How much time until I can take the JLPT N1 and pass... help!

Hi! So I’ve been studying for 3 years approximately, but 3 non-continuous years, I’m currently studying with the A2 Rikai and Katsudoo from Marugoto. I just entered to university and I want to study abroad in Japan but obviously they ask for N1 or minimum N2 JLPT certificates. I was planning on taking N4 this year and my exchange, if possible, would be in three years. If I study every day will I be able to make it? Please be as realistic as possible!
Also if you have tips and thoughts please tell me!
Thank so much in advance.
I read some of the forums I feel like I sound rude! so many of you have been studying the language for nearly a decade and here I am trying to binge it all at once, I’m sorry if this offends you in any way, it is not my intention and I apologize!

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Here I would just briefly repeat my story: in Sep 2014 I have joined a Japanese course and made friends with another student there. Both of us started from zero. In Dec 2018 I passed N2, and she passed N1. We went through the same ups and downs along the way: quit school 1, had a self-study time for around 8 months and joined school 2 until May 2019.
What the differences were:

  • I’ve been to Japan a few times, including 2 1-mth courses in the language school, while she visited the country first in late 2019
  • I was going with the flow (the courses, the textbooks, you name it), while she in addition to that was diving into the language: looking for chat partners, browsing the Japanese net for news and articles, joining speaking clubs, analyzing why people say this in situation A and this in situation B etc…

The result is as you see.

So to your question:

  1. N1 in 3 years is possible
  2. Given you put there a conscious effort, training the whole variety of language skills and using native material as early as you can afford

Having a structured guidance will be of immense help for reaching your goal. I mean tutoring in any form.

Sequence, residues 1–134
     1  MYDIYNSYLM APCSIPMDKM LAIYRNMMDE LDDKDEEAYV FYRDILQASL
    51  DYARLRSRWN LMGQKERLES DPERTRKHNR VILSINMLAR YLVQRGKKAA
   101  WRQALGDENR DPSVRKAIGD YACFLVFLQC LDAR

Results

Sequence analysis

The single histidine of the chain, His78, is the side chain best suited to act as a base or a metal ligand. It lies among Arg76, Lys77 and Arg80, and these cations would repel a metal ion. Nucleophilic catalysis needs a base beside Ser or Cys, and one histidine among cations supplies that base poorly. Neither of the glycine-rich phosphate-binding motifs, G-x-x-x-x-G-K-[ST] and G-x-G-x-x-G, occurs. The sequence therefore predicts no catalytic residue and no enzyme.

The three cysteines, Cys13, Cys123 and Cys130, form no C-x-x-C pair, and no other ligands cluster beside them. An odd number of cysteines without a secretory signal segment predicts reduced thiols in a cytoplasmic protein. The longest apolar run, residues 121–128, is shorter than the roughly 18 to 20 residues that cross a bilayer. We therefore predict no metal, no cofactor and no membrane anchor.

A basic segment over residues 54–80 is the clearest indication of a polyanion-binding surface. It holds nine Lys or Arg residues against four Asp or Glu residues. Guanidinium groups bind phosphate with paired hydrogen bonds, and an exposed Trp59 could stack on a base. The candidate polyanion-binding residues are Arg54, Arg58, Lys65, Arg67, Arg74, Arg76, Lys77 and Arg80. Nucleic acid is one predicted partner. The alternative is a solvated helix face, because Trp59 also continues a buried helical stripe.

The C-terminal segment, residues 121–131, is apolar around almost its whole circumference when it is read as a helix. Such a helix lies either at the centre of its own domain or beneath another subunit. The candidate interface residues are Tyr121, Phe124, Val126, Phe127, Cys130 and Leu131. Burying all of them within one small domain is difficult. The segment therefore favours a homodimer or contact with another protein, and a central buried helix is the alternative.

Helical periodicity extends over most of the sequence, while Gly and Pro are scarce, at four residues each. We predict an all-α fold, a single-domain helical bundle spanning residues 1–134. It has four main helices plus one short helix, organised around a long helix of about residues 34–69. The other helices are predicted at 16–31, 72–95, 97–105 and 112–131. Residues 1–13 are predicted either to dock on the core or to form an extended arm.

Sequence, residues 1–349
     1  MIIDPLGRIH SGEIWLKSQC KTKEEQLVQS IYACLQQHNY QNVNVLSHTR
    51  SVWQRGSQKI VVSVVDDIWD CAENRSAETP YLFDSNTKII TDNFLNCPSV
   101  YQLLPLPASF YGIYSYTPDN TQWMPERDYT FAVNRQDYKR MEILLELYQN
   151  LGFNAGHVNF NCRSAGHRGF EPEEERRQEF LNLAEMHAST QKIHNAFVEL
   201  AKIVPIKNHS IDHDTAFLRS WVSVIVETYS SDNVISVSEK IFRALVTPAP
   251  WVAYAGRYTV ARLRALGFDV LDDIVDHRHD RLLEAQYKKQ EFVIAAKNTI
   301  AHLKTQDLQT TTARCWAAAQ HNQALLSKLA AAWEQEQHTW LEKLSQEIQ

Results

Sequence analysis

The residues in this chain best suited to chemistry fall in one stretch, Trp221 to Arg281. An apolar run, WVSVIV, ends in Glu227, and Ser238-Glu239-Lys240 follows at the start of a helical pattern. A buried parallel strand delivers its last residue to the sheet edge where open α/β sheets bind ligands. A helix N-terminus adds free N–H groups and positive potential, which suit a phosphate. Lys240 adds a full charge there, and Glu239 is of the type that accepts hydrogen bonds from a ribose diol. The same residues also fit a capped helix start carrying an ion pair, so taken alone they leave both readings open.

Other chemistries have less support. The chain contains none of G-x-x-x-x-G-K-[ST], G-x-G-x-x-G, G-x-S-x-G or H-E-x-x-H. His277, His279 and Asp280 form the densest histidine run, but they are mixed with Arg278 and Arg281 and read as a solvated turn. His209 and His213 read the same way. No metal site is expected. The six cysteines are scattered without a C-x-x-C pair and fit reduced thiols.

P.S. I believe that JLPT certificate has a weak correlation to the actual language ability :slight_smile:

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N4 to N2 in three years is definitely possible. N1 I would say depends on how much you study. There’s a huge gap between N2 and N1

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Don’t worry there was recently someone who wanted to do N2 in three months, so 3 years for N1 is quite doable compared to that :slight_smile:

Study daily and listen a lot :+1:

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@FlamySerpent passed N2 in 1 year, she might be able to help :eyes:

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I mean, it’s totally possible to do in three years imo, so I didn’t even comment xD

I did give some tips to that person who wanted N2 from N4 in 4 months, they might help you too:3 I talked about how much time I spent on things like grammar, listening and reading, so you can have a better perspective of how much time per day you need to spend. Even still, 3 years is a lot and it’s very doable imo.


Vocab was my problem in N2, so make sure to study like 10k on other SRS resource (if you like srs of course). WK is not enough for that, but it gets easier with more kanji you know and you have enough time to finish WK and get done with that :ok_hand: